AS English Literature and Language Glossary of Terms

All terminology for AS Level English Literature and Language

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AS Language Glossary
General Terms
Mode: Medium of communication e.g. speech or writing
Prototype: A `best fit' example of a particular category
Sub-mode: A sub-division of mode e.g. poetry, prose, monologue, conversation, drama
Genre: The type or category of text e.g. comedy, horror, tragedy
Type: A form of text e.g. recipe, short story, play
Multimodal text: Texts that combine word, image and sound to produce a meaning
Context of reception: The situations in which a text is read and factors that might influence a reader's
Context of production: The situation in which a text is produced and factors that might influence its writing
Demographic: Another word for target audience
Purpose: The reason a text is produced
Hybrid text: A text with more than one purpose
Idiolect: An individual's style of speaking
Sociolect: A use of language as a result of membership to a particular social group
Discourse community: A group with shared values and approaches to reading e.g. teachers, friendship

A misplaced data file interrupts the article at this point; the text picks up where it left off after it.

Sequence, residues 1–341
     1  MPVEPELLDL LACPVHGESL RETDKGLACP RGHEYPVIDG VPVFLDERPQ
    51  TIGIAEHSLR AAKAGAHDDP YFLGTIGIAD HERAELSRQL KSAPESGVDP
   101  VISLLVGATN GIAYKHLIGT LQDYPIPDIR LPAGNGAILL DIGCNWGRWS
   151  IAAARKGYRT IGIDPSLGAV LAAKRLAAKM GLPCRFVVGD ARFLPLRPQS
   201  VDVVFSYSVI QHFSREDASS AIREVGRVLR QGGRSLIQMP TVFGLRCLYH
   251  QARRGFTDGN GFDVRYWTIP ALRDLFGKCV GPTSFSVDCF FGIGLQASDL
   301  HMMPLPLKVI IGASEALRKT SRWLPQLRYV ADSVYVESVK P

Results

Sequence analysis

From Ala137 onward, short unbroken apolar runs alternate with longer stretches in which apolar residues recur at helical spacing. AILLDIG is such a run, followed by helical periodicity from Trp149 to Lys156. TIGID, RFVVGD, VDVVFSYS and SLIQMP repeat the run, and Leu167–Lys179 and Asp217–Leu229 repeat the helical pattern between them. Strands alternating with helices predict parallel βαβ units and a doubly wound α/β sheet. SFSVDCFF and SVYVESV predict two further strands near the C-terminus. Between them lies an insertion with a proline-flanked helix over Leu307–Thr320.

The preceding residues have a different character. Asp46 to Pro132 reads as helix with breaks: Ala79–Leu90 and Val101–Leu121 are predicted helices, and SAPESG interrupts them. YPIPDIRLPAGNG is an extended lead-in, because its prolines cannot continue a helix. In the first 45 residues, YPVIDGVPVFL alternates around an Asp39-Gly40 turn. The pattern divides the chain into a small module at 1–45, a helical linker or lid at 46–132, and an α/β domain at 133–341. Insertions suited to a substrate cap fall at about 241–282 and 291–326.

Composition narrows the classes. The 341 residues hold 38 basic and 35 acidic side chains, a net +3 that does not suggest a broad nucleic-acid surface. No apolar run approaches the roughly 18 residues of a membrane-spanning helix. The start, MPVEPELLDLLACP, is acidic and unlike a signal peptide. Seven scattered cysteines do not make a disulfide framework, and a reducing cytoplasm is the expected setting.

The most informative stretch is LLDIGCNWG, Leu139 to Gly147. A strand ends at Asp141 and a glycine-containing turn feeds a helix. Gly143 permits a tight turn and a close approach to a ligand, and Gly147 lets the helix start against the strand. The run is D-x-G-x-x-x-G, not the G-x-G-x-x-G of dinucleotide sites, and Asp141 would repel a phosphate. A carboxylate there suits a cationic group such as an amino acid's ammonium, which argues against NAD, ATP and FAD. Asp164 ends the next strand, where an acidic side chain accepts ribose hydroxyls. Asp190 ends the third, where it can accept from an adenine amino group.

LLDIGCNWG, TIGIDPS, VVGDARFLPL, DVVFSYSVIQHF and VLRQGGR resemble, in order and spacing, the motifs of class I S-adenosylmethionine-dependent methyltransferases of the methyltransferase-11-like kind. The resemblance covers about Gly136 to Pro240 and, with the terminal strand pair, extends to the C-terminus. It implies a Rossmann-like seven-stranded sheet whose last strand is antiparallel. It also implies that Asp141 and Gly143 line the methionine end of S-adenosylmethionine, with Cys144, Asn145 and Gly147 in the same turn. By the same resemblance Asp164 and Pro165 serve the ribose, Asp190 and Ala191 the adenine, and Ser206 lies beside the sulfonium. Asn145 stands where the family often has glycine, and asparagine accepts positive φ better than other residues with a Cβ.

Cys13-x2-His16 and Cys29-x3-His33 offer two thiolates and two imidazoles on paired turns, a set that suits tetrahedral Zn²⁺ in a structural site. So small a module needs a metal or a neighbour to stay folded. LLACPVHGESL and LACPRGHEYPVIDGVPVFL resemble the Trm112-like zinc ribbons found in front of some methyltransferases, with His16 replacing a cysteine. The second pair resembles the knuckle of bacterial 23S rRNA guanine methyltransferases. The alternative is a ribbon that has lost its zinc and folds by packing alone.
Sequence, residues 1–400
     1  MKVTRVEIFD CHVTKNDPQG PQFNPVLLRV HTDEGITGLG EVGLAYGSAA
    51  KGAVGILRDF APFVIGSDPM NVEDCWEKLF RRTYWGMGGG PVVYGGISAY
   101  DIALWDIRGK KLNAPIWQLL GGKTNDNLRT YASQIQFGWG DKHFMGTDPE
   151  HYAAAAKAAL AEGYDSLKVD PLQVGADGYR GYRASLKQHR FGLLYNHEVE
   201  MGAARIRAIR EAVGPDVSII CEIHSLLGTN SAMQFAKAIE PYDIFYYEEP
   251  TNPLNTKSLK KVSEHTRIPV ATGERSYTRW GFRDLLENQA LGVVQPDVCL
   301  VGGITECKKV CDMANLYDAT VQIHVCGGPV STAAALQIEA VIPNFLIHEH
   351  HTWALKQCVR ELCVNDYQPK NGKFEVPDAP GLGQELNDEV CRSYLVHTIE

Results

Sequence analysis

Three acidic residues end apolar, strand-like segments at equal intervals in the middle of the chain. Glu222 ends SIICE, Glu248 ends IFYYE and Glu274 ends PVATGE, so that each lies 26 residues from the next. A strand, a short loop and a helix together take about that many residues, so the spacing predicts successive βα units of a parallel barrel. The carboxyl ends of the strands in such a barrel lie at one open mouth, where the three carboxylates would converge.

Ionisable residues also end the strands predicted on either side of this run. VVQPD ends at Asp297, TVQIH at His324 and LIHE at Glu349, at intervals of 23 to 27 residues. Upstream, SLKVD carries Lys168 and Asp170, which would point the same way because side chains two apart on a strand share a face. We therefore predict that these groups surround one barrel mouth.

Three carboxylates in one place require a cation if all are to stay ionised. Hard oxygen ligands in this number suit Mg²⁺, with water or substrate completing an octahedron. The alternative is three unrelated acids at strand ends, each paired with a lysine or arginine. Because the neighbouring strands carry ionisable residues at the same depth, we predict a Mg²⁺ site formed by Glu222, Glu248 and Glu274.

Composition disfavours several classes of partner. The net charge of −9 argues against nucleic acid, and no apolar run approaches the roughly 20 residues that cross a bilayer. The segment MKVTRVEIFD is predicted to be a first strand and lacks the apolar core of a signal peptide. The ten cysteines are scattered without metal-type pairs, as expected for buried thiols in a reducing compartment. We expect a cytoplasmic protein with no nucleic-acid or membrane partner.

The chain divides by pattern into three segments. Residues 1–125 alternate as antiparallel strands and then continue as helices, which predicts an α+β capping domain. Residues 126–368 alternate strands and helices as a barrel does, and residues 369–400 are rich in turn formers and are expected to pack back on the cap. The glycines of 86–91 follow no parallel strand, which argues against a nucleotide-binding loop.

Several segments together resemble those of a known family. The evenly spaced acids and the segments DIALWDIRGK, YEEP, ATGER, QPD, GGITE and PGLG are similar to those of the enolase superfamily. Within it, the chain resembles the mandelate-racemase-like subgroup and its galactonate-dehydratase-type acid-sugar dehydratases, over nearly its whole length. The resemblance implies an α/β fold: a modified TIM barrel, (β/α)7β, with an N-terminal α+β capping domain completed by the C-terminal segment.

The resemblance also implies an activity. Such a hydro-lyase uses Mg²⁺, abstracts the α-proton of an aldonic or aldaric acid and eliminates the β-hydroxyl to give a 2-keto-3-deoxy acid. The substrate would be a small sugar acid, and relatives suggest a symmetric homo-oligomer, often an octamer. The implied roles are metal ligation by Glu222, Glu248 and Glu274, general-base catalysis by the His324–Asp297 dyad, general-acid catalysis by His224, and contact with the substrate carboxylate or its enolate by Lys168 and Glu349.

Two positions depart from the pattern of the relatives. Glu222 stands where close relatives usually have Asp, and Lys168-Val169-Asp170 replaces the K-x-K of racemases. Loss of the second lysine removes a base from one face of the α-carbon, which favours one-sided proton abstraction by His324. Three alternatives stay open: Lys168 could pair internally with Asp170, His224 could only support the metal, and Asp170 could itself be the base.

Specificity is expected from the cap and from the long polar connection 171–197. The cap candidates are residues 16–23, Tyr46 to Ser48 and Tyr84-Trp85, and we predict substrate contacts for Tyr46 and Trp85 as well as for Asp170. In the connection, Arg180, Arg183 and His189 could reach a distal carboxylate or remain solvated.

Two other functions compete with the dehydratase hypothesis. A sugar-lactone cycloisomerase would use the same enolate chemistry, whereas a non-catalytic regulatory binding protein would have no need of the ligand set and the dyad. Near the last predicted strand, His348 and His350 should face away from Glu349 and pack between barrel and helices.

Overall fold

Dialect: The language variety of a geographical region or social background
Accent: The way words are pronounced due to geographical region
Standard English: Universally accepted dialect of English carrying a degree of prestige
Register: Level of formality appropriate to the text's purpose and context
Field: General purpose of communication
Tenor: The relationship between participants in a conversation or between the text producer and
Jargon: Specialist terminology that may exclude others
Colloquialism: Established set of terms used in everyday language
Slang: Colloquial language particular to individuals or groups
Intertextuality: References to other texts within another e.g. in `Naughty But Nice' and `Titus'
Amelioration: To improve the meaning of a word e.g. nice (used to mean silly)

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Pejoration: To reduce a word to a lower/ less respectable meaning e.g. bitch
Narrowing: To restrict the meaning of a word e.g. accident
Broadening: To widen the meaning of a word e.g. call
Borrowing: The process by which a word is absorbed into another language e.g. cuisine
Blending: A word made by putting together parts of other words e.g. brunch
Compounding: Joining together two words e.g.…read more

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Reflexive Myself, himself, themselves
Demonstrati Those, this, these, that
Relative Who, whom, which
Types of Function Examples
Proper Refers to names of people or places Paris, London
Abstract Refers to states, feelings and concepts without a Pain, happiness
physical existence
Concrete Refers to objects that have a physical existence Countable: table
Non-countable: furniture
Types of Function Examples
Material Describe actions or events Hit, run, eat, push, read, hold
Relational Describe states of being or used to identify Be, appear, seem, become